They were there to watch Cliff Lee. Several scouts were tasked with documenting Lee’s every move — or at least the movement on his pitches — to see whether he was back to form and worth a truckload of prospects. But Lee gave up six runs (all earned) to the Giants on 12 hits. He even gave up a home run to Adam Duvall.
Even Lee, who was nearly perfect against the Giants throughout his career heading into Monday’s game (during the regular season, anyway), couldn’t handle the Giants’ dominant 2014 offense. An offense that’s averaging six runs and over 10 hits a game … since the All-Star Break.
Every game seems like a statement on personnel these days, and the Giants’ supposed needs have shifted greatly over the last 24 hours. The team’s main problem seemed to be a lack of positional depth after Sunday’s 3-2 loss. On Monday, when the Giants beat the Phillies 7-4 in a contest where both clubs combined for 29 hits (the Giants had a one-hit advantage), the game itself hammered home what the Giants brought to light earlier in the day with Matt Cain’s disabled list designation.
San Francisco’s pitching staff is mighty vulnerable when they’re down a starter.
Cain’s elbow has gotten chippy, taking away the Yusmeiro Petit option on a day where Ryan Vogelsong got BABIP’d to death. Vogelsong didn’t help himself defensively in the first or second innings, but he deserved a better fate in the fourth, when Brandon Crawford arrived at second at an unfamiliar angle and dropped Pablo Sandoval’s throw on what should’ve been a double play, then Ryan Howard hit a check-swing double to score two runs.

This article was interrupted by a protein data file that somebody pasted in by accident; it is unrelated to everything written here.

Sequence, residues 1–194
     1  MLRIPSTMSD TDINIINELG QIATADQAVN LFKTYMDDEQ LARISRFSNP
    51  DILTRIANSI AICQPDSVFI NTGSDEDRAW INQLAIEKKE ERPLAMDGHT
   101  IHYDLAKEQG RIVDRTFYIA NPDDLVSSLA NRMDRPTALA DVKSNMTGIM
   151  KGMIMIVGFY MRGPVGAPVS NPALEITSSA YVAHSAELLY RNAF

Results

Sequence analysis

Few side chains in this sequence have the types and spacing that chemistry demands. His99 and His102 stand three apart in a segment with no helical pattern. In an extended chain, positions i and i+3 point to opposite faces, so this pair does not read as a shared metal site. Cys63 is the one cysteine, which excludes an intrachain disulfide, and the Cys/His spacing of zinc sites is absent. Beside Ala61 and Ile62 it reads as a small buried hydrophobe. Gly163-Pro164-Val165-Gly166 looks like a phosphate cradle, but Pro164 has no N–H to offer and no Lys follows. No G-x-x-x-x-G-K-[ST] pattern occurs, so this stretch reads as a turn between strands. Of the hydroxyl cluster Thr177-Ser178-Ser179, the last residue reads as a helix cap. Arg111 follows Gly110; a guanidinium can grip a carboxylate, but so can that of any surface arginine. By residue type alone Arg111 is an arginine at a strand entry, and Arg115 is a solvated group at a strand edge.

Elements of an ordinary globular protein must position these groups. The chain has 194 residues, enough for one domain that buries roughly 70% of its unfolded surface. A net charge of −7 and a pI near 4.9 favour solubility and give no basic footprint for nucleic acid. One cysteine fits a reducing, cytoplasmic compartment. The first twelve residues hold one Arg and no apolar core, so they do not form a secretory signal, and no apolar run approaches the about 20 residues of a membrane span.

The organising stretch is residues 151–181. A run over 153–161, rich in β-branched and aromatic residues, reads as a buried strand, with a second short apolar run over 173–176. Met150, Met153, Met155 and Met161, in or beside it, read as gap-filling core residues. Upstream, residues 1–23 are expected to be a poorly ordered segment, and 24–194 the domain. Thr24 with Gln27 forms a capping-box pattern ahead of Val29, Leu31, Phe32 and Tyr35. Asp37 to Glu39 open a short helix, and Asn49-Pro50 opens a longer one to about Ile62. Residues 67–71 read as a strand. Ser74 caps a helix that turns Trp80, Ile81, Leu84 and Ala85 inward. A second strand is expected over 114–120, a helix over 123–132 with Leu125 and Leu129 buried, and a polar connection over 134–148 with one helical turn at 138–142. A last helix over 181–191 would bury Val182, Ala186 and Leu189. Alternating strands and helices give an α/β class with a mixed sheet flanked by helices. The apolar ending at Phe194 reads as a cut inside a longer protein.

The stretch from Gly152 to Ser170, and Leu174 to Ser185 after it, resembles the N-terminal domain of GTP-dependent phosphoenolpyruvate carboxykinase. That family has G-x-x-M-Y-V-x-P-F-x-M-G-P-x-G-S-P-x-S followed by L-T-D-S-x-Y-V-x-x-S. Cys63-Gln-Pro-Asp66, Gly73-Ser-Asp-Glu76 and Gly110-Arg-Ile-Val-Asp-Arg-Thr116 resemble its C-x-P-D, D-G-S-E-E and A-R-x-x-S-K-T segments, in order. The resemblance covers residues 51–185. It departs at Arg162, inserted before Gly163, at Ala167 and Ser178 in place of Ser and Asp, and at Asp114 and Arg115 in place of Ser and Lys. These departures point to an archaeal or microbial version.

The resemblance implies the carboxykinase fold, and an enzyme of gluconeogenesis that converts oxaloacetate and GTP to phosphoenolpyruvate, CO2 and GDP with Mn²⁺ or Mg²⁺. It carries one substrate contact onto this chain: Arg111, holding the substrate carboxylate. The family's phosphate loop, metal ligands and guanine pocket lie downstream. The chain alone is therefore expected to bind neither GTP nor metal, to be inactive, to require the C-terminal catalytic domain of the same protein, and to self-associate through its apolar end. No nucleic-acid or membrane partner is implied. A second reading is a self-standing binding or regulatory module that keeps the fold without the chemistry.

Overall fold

At that point it seemed as if the game was probably a lost cause. George Kontos was in, and the Giants were looking at a painful four-game series in a hitter’s park. But Kontos pitched two scoreless innings after getting the call from Fresno a day earlier, and the guy who shared a plane flight with Kontos smacked a Lee fastball about 415 feet to straightaway center.
With Kontos’ contribution and Duvall’s drive, suddenly the Giants looked like they were having fun. And they took that feeling through the rest of the game, with the last four innings taking about half the time to complete as the first four (which took forEVer).
— All Gregor Blanco has to do is play like that every game and people will stop complaining about him. That’s right, a diving catch, a couple hits, a walk and one of the strangest strikeouts in baseball history is all he needs. Easy.
— Blanco is one of the gentler souls in the game, so maybe that’s why no one has put one in his ear flap yet for calling timeout as a pitcher starts his motion as often as he does.
— Vogelsong got out of a bases loaded jam in the third inning when he got Cliff Lee to swing at a full count fastball that was at least six inches outside. So his night wasn’t completely unlucky.
— Hunter Pence is ninth among NL batters in fWAR, eighth in rWAR, and tied for first in runs and hits. It’s fair to say the Giants won that trade with the Phillies.
— The Giants used five relievers, and when they were finished with their six scoreless innings, the highest ERA among the bunch was Kontos’ 2.70. As much as Brian Sabean loves to add relievers at the deadline, that needs to be the team’s last priority right now.